Join us on February 25, 2017 for the 31st Annual Tartan Ball! Visit www.bonniebraetartanball.org for details!

Meet Our Boys

Ping pong 2

 

Virtually all of the boys we serve come from a family in crisis and have been abused, traumatized or neglected:

– Steve lived a pretty normal life until his father and mother became hooked on drugs.
– Tony was orphaned as a child and bounced around to several foster homes
– Some, like Juan, have emotional challenges
– Others, like John, have physical or cognitive disabilities

 

Often as a result, these boys act out in destructive ways. We break these cycles of abuse by attempting to heal the entire family. We practice family therapy, educate parents, and offer recreational activities for families.

  • Most boys arrive at Bonnie Brae after an average of 8 out-of-home placements (these may be foster
    homes, juvenile shelters and/or psychiatric hospitals).
  • Over 90% of our boys struggle with issues that other agencies haven’t been able to treat successfully.
  • Bonnie Brae boys come from nearly every county in New Jersey: As of July, 2012 45% are African
    American; 34% Caucasian; 13% Latino; and 8% Biracial.

 

Meet Lamar

Lamar never knew his mother or father. At birth, his parents lost their parental rights due to their drug addiction. As a newborn, Lamar started his life in a foster home and subsequently he was moved through a series of six different homes. A victim of physical, verbal and sexual abuse, Lamar acted his anger out through violence. Without a stable parental figure in his life, Lamar became a ward of the state and at the age of 10, Lamar was sent to Bonnie Brae – specifically because of our experience in treating complex trauma.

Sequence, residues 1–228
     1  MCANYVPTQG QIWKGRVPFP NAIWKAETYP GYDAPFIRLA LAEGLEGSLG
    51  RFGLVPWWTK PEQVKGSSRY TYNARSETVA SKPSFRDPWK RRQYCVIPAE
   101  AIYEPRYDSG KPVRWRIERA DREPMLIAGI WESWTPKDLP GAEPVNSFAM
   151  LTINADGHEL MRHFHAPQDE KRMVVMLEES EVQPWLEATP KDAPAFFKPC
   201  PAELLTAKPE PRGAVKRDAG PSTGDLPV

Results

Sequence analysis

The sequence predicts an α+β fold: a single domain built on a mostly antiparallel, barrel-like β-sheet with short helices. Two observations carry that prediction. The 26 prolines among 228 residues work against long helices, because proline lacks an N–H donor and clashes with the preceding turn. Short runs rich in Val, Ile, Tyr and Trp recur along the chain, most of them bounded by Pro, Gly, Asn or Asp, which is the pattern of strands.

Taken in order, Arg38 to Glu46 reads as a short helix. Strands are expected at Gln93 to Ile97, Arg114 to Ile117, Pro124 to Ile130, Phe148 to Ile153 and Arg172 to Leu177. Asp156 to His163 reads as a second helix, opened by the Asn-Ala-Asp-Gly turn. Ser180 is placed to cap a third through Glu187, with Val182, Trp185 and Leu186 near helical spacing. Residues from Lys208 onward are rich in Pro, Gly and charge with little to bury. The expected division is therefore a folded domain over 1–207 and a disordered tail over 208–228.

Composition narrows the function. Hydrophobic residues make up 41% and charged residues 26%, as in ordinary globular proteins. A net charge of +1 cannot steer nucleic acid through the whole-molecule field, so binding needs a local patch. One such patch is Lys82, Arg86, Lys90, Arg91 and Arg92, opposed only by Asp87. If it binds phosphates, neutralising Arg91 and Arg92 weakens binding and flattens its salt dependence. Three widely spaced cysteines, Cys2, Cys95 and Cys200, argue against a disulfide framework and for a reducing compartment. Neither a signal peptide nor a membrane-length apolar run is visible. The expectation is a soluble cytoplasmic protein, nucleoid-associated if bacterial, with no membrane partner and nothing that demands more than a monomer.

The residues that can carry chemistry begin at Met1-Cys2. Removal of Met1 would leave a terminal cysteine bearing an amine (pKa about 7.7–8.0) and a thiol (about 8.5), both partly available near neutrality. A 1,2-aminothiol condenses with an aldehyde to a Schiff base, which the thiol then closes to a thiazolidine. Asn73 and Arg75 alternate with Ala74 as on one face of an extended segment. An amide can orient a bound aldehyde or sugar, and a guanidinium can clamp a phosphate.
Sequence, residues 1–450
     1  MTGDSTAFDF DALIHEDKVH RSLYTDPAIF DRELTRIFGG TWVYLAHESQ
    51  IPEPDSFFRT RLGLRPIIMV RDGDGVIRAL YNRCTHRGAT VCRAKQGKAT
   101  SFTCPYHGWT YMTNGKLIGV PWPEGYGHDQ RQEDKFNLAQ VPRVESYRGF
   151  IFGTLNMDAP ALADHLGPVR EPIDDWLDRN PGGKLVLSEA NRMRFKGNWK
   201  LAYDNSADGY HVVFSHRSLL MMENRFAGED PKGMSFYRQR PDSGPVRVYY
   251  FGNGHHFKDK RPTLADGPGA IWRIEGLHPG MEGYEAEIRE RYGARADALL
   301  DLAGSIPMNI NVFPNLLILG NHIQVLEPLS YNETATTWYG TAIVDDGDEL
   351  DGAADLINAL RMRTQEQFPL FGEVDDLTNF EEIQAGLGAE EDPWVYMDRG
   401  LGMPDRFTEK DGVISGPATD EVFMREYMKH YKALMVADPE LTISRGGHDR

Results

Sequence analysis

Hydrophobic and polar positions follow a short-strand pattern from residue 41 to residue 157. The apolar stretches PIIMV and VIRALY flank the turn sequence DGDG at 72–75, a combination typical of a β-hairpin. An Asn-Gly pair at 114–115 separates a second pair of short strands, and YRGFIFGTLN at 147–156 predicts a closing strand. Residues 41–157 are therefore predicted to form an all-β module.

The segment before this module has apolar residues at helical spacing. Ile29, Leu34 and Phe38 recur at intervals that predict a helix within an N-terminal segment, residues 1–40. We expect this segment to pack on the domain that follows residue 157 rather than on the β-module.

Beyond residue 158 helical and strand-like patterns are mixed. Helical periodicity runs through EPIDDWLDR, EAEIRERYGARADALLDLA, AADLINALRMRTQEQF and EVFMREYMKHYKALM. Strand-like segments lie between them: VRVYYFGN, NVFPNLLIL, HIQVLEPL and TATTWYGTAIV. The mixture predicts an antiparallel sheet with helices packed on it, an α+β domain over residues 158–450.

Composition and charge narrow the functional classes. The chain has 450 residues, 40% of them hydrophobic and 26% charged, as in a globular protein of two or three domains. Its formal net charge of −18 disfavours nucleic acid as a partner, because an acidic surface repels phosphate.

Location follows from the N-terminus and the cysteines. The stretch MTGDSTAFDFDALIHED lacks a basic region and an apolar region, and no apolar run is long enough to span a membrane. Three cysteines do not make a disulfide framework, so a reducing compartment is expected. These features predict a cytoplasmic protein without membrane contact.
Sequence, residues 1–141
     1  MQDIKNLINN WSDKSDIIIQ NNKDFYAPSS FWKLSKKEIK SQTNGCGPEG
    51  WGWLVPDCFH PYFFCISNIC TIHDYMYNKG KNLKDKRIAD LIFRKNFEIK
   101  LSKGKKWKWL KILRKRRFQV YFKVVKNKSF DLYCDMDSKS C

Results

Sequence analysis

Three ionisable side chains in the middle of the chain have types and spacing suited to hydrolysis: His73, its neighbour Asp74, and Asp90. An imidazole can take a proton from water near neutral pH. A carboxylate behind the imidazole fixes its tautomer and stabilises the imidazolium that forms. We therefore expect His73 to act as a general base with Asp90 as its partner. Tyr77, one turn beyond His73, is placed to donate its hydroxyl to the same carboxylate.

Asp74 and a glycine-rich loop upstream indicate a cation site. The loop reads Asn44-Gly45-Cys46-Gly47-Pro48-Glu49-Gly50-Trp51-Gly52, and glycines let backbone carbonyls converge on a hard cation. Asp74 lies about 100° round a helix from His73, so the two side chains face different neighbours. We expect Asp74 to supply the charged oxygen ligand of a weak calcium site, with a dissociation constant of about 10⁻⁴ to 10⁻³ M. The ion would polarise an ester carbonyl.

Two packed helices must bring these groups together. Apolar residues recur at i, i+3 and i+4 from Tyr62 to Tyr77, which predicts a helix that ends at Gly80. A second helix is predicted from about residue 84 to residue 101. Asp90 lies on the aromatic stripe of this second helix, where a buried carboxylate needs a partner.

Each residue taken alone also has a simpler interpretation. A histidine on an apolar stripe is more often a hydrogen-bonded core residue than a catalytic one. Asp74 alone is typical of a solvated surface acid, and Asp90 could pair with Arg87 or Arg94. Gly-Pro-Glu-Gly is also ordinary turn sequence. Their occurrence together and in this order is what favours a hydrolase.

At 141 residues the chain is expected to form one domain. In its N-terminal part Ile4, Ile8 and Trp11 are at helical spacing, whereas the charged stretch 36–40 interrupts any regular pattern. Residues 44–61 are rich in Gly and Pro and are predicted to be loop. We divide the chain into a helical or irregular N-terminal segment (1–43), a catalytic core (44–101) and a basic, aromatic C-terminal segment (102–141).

Meet Jack

Upon arriving at Bonnie Brae, Jack received a thorough medical assessment, a routine procedure for all new students. Unlike any other resident, however, the medical team was astounded to discover a bullet lodged in his leg. Six months prior to coming to Bonnie Brae, Jack had been shot. Without insurance, without parental guidance and because it wasn’t an imminent life threat, he nursed the injury himself – a secret he dealt with in order to survive. Once Jack’s secret was discovered, the bullet was removed, the wound quickly healed and Jack became a starting point guard for Bonnie Brae’s basketball team.

 

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